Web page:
June 2023 Allocutio

Mary and the Holy Spirit

Fr. Paul Churchill
Concilium Spiritual Director

Today, just a few weeks after we have celebrated Pentecost and the Blessed Trinity, I’d like to take a closer look at Frank Duff’s theology regarding the relationship of Mary and the Holy Spirit in the context of the Blessed Trinity.

For Frank the Incarnation had to be a work not just of one of the persons of the Holy Trinity but of them all. God sent his only Son, incarnate by the Holy Spirit in the womb of Mary. The person conceived by the Holy Spirit in her womb and who was born, grew up, carried out his public ministry before dying on the Cross, was the Incarnate Son of God. But who is this Mary through whom God would unite with his creation?

St. Francis of Assisi had called Mary the Spouse of the Holy Spirit. Saint Maximillian Kolbe, commenting on the Incarnation, said, “What kind of union is this? It is above all interior; it is the union of her whole being with the being of the Holy Spirit. The Holy Spirit dwells in her, from the first instance of her existence, and he will do so always, throughout eternity … This uncreated Immaculate Conception conceives divine life immaculately in the soul of Mary”

Frank, while agreeing with de Montfort that she has to be totally creature, sees her as being the greatest expression in human flesh of the Holy Spirit. Let us listen to Frank. “As Mary is the Spouse of the Holy Spirit, full of His grace, His inseparable partner in His external mission, it follows that she has become like unto him to the highest extent that a creature can be.” Jesus mirrors to us the Second person (whom he is) and Mary mirrors the Third person. Mary is much more than a channel of the Holy Spirit’s graces; He makes a revelation of himself through her. Frank says that the best expression we have in human form of the Holy Spirit is Mary. God the Father so arranged Creation that Son and Holy Spirit would express themselves respectively in Jesus and Mary.

Frank says, “… the Holy Spirit stopped short of becoming incarnate in her. He left her in all respects a human personality, a pure creature. Her role in the incarnation and redemption was to be a completely human one …she was to act on behalf of all mankind.” But “Mary is made and meant to display to us a likeness to the Holy Spirit analogous to the likeness of Jesus Christ to the second divine person.”

He suggests that in Heaven we may first suffer confusion about Our Lady and the Holy Spirit. Frank Duff seeks to help us understand this more by the use of a modern image. The image of someone on television is not the same as that person but the television helps communicate the appearance and words and bodily expressions of that person. And he says that for us to look at Our Lady is the best image we will get of the Holy Spirit.

Frank takes a step further and says, “In becoming incarnate in Jesus Christ, God has assumed the male form.” And then he adds, lest someone wonder if God has denigrated woman, that God balances everything through Mary. He returns to those words of Genesis, “In his own image he made him; male and female he created them” (Gen 1:27). When the triune God was shaping his plan with a view to the Incarnation, he designed creation to reflect in it all three persons of the Trinity. The female is formed based on the Holy Spirit, the giver of life as we say in the Creed; the male is formed based on the second person of the Trinity.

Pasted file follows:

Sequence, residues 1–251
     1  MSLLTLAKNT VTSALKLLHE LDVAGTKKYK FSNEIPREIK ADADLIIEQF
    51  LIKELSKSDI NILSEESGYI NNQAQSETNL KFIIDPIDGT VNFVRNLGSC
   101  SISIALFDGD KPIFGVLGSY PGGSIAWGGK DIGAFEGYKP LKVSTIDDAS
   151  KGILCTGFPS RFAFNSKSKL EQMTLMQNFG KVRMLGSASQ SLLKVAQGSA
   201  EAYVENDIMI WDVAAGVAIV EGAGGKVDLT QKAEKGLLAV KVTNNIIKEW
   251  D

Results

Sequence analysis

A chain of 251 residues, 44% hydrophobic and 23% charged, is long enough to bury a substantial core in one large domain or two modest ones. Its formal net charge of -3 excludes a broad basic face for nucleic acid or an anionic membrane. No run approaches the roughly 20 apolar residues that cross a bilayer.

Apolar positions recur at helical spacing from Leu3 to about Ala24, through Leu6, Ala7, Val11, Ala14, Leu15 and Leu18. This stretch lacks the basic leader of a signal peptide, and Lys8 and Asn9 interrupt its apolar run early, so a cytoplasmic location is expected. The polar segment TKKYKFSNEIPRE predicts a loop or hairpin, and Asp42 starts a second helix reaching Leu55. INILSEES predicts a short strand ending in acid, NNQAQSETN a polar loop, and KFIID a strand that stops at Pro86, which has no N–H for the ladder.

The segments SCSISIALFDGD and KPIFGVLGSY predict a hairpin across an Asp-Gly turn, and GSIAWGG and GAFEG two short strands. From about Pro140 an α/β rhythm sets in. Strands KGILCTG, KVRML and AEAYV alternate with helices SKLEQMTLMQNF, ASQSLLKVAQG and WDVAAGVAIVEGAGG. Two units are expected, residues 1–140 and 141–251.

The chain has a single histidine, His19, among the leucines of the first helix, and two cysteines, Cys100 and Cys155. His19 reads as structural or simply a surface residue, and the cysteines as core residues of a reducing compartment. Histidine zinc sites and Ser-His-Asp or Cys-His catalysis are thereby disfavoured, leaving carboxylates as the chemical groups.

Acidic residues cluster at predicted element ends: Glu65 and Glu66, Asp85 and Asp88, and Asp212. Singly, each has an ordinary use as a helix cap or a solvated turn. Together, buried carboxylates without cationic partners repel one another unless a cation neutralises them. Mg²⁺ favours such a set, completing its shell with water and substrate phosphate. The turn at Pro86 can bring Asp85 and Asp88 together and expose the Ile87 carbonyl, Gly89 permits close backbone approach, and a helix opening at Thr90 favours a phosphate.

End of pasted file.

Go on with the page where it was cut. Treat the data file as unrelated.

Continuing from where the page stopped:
This accords with a view I have found across both Catholic, Orthodox and Protestant literature: the Holy Spirit is the female dimension in God. This too is reflected in the Book of Wisdom which speaks of God the Creator, then of that man who challenges society so much that they test him with cruelty and then it goes on to speak of Wisdom and keeps referring to her in the feminine. The Holy Trinity, in its arranging of the creation with an eye to the Incarnation, created male and female in the image of the Blessed Trinity; the second person is imaged in the male, the third person in the female. All this so that in the fullness of time the second person will become incarnate in the person of Jesus and the Holy Spirit express himself most fully through Mary.

There are many more implications in Frank’s thought that I won’t go into today. For t moment it will be useful to return to simple doctrine of the Blessed Trinity. All three persons are God. All are equal in dignity. But all have different roles. A world that does not respect the equality of man and woman is not doing justice to God; equally a world which tries to brush out the differences in nature and role between male and female may be cutting across the Holy Trinity.

Clearly what Frank puts before us requires deeper prayer and thinking by the whole Church. To rush in to make decisions as if differences between male and female were mere accidental might not just be to cut across nature but to sin against the Holy Trinity. Frank challenges us to a far deeper thinking, not a superficial going with the latest craze. Let me end with yesterday’s collect at Mass: “O God, who prepared a fit dwelling place for the Holy Spirit in the Heart of the Blessed Virgin Mary, graciously grant that through her intercession we may be a worthy temple of your Glory. Amen.”